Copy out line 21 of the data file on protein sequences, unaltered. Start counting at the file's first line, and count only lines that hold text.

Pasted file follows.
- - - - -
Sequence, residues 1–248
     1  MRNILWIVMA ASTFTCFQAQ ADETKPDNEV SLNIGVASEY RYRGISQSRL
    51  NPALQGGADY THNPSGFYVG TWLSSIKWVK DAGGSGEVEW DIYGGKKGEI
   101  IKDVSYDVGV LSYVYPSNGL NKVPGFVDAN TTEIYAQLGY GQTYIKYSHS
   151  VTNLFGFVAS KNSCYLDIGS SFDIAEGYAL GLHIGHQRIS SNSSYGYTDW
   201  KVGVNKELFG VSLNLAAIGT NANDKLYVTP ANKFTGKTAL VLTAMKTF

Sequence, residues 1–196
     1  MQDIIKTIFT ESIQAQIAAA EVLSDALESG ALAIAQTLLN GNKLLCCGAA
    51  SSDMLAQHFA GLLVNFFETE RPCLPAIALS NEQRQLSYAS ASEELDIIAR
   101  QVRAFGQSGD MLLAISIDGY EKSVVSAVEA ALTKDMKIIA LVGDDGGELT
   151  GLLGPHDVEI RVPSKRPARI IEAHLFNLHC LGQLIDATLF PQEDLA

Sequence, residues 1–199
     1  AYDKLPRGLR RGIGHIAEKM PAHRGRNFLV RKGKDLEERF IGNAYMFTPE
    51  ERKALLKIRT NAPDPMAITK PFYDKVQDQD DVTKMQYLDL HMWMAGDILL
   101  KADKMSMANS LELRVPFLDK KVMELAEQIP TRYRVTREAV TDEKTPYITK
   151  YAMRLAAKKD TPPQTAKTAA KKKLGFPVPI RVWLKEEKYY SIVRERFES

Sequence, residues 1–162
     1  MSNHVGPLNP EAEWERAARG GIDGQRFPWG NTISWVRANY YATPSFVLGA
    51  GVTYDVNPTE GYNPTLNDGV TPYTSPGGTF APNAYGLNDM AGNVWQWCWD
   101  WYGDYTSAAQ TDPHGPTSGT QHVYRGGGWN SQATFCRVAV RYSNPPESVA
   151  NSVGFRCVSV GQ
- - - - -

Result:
   151  NSVGFRCVSV GQ